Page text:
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Animals Farm Park Sleights North Yorkshire

Saltersgate Inn and the fire that never goes out

The legend of Saltersgate Inn in Levisham, North Yorkshire, tells that a fire must burn continually in the hearth to avert catastrophe.

According to local history the curse stems from the 1730s when the landlord, a retired sea captain allowed smugglers to use his inn so that locals could avoid paying high taxes on goods.

One night after an unsuccessful raid by the tax inspectors, one of the excise men stayed behind but was caught and murdered by the smugglers.

His body was buried under the fireplace and so that no one would ever find the body, the landlord told his family that the fire was never to go out.

His idea was that no one would ever search under a fire that was lit. By the time the landlord died thirty years later, not letting the fire go out had become a tradition which was carried out until recently.

Legend has it that if the fire ever goes out, the ghost of the Excise Man will haunt the Saltersgate Inn and terrorise its inhabitants.

The fire that burned in the grate of the pub is no longer lit. The Inn is now closed and there is a pending planning application to convert it to thirteen holiday flats.

The Penny Hedge

The ceremony of Penny Hedge takes place in Whitby on the Ascension Eve.

Legend has it that Ralph de Percy, William de Bruce and their friend Allatson were out hunting wild boar in the woods. One boar in particular led them on a long chase and finally they chased it into a chapel at Eskdaleside near Sleights.

The men followed the boar and killed it by the chapel altar. Unfortunately a hermit was living in the chapel at the time and, furious at their behaviour, he shouted at them to leave. In a rage at being told off by a lowly hermit, the young men attacked him with their spears and then galloped off.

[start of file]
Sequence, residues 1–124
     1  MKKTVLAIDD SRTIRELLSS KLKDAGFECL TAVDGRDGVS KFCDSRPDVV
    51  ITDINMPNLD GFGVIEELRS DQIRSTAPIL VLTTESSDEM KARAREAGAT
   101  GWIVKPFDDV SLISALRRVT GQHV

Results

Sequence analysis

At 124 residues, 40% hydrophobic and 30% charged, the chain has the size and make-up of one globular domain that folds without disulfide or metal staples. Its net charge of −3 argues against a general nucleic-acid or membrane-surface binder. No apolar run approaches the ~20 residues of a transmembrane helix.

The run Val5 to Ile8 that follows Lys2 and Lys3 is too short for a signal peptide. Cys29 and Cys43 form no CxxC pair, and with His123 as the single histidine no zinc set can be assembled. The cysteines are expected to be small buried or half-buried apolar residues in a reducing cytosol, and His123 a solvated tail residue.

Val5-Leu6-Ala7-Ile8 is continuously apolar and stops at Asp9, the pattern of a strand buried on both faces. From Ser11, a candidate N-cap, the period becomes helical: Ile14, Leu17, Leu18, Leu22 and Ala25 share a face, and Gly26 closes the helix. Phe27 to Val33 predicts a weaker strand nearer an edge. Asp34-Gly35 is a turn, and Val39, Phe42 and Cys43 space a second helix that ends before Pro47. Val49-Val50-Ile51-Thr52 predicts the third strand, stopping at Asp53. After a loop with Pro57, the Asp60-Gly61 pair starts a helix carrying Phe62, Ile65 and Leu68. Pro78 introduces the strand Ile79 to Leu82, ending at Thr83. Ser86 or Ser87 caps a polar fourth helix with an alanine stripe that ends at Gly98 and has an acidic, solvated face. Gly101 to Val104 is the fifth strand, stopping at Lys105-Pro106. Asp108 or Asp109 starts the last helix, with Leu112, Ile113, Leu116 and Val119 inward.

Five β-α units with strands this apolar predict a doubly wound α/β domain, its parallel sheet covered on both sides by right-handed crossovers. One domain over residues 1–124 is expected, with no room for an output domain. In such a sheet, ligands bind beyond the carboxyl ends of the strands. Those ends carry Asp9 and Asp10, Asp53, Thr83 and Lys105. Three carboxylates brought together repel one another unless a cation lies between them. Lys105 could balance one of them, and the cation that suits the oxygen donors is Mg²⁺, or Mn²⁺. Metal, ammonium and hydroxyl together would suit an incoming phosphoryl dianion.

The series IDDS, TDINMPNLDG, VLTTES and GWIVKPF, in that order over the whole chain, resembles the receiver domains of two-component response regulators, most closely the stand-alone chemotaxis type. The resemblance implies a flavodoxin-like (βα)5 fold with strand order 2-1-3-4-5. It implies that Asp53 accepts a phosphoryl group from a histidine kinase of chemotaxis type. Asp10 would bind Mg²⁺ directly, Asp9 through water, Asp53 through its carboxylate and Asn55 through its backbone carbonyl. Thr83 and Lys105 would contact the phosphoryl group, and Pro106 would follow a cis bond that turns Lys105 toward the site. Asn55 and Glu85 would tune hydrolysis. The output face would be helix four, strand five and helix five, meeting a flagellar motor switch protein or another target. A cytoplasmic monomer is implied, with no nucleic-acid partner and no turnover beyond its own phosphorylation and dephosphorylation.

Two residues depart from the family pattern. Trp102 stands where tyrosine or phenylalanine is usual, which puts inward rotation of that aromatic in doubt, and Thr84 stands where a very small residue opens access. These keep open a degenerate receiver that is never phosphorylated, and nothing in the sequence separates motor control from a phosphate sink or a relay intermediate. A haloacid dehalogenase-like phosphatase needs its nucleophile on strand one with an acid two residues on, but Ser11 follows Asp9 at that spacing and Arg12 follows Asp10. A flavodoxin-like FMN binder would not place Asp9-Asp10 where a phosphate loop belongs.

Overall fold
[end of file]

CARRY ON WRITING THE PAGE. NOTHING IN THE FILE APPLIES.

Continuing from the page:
The hermit dragged himself out of the chapel and towards a well used track which led to Whitby.

Not long afterwards, Abbot Sedman of Whitby was riding towards Whitby and saw something which looked like a bundle of rags by the side of the track. As he got down off his horse, he recognised the hermit and with some difficulty he managed to get the old hermit onto his horse. Quickly they rode to Whitby to get treatment for the poor old man but he died from his wounds.

He also said that he would forgive the men if they carried out a penance. If the hermit had not given them his pardon, they would have faced execution so of course they agreed to the penance, which went as follows:

"On Ascension Eve (38 days after Easter Sunday) every year, the men had to cut wood in Eskdaleside with a knife that cost a penny and carry the wood on their backs to Whitby. There, before 9 o’clock in the morning, the wood was to be made into a hedge in the harbour. This hedge had to survive three tides and this task had to be carried out every year, otherwise the men would lose some of their lands. A horn blower had to blow his horn and shout, “Out on you, out on you, out on you for this heinous crime” after the hedge had been made. They had to do all of this so they would not forget that they had murdered the poor old hermit."

This tradition is still carried out in Whitby today. If you go down to the upper harbour on the east side of town at 9 o’clock in the morning on Ascension Eve, you can watch the ceremony of the Penny Hedge.

The story of beggars bridge

Local mythology states there was was a young lad called Tom Ferris, the son of a moorland farmer from the village of Glaisdale in the North York Moors who fell in the love with the daughter of a wealthy landowner named Agnes.

Tom decided to seek his fortune and the night before he left decided to swim to Agnes' house on the other side of the River Esk to say goodbye.

The river was stormy and he nearly drowned in the crossing. As he pulled himself onto the river bank he vowed to build a bridge so that other lovers would not suffer a worse fate.

Many years later Tom returned from sea a rich man and true to his word he built a bridge over the River Esk in the year 1619. Tom and Agnes were married and lived happily ever after.

Beggar's Bridge still survives in Glaisdale today. The name Beggar may refer to Tom when he was poor or it may be a variation on the word for berry, meaning 'the bridge where the berries grow'. Tom Ferris was a well-respected man and eventually became the Mayor of Hull.

White Mare Cliff

Above Lake Gormire, near the Sutton Bank National Park Centre, is a steep cliff face called White Mare Cliff.

It was said the former Abbot of Rievaulx Abbey had a white mare which was famous for its beauty as well as its speed.

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